Power to the People

February 15, 2021


My major criticism of modern medical care has not changed since 1970. It was apparent to me as a first year medical student that we had abandoned the most powerful tool that helps people stay healthy. Antibiotic use was exploding, “new and improved” anti-inflammatory drugs were surfacing daily and chronic disease care was emerging. Each of those examples required the addition of some substance to our ailing incompetent bodies. Any mention of promoting behavior change was generally pooh-poohed as “pie-in-the-sky” idealism. 

Some remarkable successes with chemical cures such as hormonal replacements (especially insulin for “juvenile diabetes”), anti-bacterial drugs and vaccinations had captivated the biomedical establishment. We prescribe buckets of medications that reduce blood pressures, lower blood sugars and modify serum lipid components. We do not often concede that modifying such intermediate indicators may not correlate with improved health or longevity. We adore anti-depressants that possibly work slightly better than placebos. We dispense samples of anti-arthritic medications without measuring costs of their side-effects. We repeat the mantras of our medical ancestors. “We cannot help patients change behaviors so we must medicate”. 

In 2012, I summarized a study by J. Michael McGinnis whose team sought to correlate health determinant factors with measurable health improvements (McGinnis JM, Williams-Russo P, Knickman JR.  The case for more active policy attention to health promotion.  Health Aff 2002; 21: 78-93). That analysis suggested that the large healthcare industry on which we were then spending over 17% of our gross national product was only contributing about 10% to reduction of premature deaths.  Larger contributions were coming from behavioral patterns (40%), genetic predisposition (30%) and social circumstances (15%). Environmental factors added another small fraction (5%). I suspect the study’s methodology could be challenged, but it seems reasonable to think that biomedical rescue technologies and pharmacology are relatively impotent approaches to improving population health. Exercise and dietary changes work better than drugs for the endemic triad of hypertension, type II diabetes and hyperlipidemia. Physical activity also improves symptoms and functions for people with painful joints and mood disorders. Wearing masks and social distancing are apparently effective while awaiting a vaccine to soften the current pandemic.  

But doctors cannot impact behavior changes. Or can they? Psychologists William Miller and Stephen Rollnick observed that some therapists were more successful at promoting behavior change than others with similar training and skills. They studied the more successful therapists and developed a set of behavioral changing strategies that were teachable (Motivational Interviewing: Preparing People to Change, New York: Guildford Press, 2002).  Their work cannot be summarized nicely in a brief blog, but motivational interviewing has been taught to many Family Medicine doctors over the last several years. Kerry Patterson and colleagues from an organization called Change Anything Labs have studied personal change behaviors extensively. Their 2011 book Change Anything summarizes a systematic approach to help people create strategies to change disadvantageous habits. These robust strategies go well beyond the trite suggestion of “will power”.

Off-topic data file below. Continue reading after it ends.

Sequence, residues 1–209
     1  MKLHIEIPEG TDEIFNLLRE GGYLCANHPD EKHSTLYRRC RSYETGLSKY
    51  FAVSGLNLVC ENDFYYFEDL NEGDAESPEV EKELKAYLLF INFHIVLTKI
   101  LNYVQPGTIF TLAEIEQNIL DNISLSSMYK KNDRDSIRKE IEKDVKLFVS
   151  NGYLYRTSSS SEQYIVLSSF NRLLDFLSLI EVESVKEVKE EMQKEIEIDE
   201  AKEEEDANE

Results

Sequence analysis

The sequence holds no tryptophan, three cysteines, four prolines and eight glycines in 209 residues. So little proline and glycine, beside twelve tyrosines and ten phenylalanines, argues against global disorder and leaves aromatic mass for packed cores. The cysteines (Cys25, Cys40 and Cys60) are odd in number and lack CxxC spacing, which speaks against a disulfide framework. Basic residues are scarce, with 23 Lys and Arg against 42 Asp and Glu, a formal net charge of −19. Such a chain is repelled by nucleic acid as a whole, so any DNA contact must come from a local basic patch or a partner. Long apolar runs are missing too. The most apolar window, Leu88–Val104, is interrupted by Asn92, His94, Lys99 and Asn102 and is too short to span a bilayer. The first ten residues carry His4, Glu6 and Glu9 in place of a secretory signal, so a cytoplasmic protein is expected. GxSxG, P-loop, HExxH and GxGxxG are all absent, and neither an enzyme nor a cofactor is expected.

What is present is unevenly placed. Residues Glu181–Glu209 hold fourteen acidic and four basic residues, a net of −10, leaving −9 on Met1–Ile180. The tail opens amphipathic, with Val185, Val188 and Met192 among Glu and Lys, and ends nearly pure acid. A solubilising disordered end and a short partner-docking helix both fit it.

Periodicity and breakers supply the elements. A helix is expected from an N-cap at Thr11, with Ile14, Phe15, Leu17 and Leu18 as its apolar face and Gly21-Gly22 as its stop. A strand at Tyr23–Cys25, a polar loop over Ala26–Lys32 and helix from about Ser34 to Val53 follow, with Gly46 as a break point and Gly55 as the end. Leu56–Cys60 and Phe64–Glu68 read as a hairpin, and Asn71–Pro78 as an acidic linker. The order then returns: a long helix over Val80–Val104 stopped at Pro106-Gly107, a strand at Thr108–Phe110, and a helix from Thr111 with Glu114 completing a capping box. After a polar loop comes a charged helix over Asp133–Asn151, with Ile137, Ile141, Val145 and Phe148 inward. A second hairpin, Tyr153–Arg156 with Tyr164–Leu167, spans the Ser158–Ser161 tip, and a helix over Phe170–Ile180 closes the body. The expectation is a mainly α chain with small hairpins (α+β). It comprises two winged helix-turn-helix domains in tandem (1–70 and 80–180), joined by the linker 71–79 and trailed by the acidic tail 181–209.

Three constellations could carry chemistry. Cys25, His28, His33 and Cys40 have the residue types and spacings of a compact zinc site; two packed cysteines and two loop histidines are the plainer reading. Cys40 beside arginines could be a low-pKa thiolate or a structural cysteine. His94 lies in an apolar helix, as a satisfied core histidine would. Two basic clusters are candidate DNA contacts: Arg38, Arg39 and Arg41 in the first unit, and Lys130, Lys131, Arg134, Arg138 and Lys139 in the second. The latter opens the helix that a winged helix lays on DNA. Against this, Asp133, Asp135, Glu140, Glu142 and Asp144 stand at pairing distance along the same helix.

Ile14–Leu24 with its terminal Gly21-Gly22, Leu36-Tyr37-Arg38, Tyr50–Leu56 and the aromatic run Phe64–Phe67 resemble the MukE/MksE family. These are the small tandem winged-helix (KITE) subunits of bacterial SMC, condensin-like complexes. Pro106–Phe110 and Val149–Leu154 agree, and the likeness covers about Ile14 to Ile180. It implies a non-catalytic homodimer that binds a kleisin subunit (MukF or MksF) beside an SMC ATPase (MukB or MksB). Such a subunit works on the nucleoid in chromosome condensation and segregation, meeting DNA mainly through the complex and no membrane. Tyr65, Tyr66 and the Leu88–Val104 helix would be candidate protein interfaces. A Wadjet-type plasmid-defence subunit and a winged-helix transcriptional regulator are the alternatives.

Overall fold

But why should family doctors and other physicians encroach on the field of psychology? Since behavior is the major component for modifying health outcomes, doctors should not exclude these tools. Family doctors have opportunities to utilize these measures because of repetitive encounters at dramatic times with people and their families. Their long term relationships with people and their communities help them choose the approaches that might prove most helpful for a particular person. It brings to mind an old adage, “it is more important to know the patient with a disease than it is to know the disease”. Peoples’ readiness to change can often be placed in a category. 

For example, I recently heard about a successful business owner who defied local government mandates and forbade his patrons and employees from wearing masks and social distancing. When asked why by a reporter he said that he knows that masks do not work and he knows that over 400 thousand American citizens have not died as a result of COVID 19 infections. For this first category I say, he has chosen ignorance and behavior change efforts will not work. Let him be.

Some people change as soon as a trusted authority suggests change. A third category is people who want to know but do not know. They need teachers. Forth are people who hold strong beliefs. They will sometimes yield to loving advice from family members, friends and healthcare providers. The fifth grouping is people who want to change and tried, but failed. They need skillful expertise and guidance in addition to support. A good primary care doctor can make relationships with people, categorize them correctly, oversee or implement their efforts and succeed with some of them. Success is not guaranteed, but it is at least as good as the mediocre drugs on which we steadfastly rely. The change approaches could also help augment the current efforts to promote mask wearing, social distancing and vaccination. Primary care providers are not reimbursed for training, time and effort that is necessary to promote change. So we trudge on to the next exam room with prescription pad in hand.

[Parts of this article were excerpted from blogs I published in 2012.  (http://frugalfamilydoctor.blogspot.com/2012/07/will-you-make-change.html?view=mosaic; http://frugalfamilydoctor.blogspot.com/2012/10/what-is-health.html?view=mosaic; http://frugalfamilydoctor.blogspot.com/2012/09/advocacy.html?view=magazine)]

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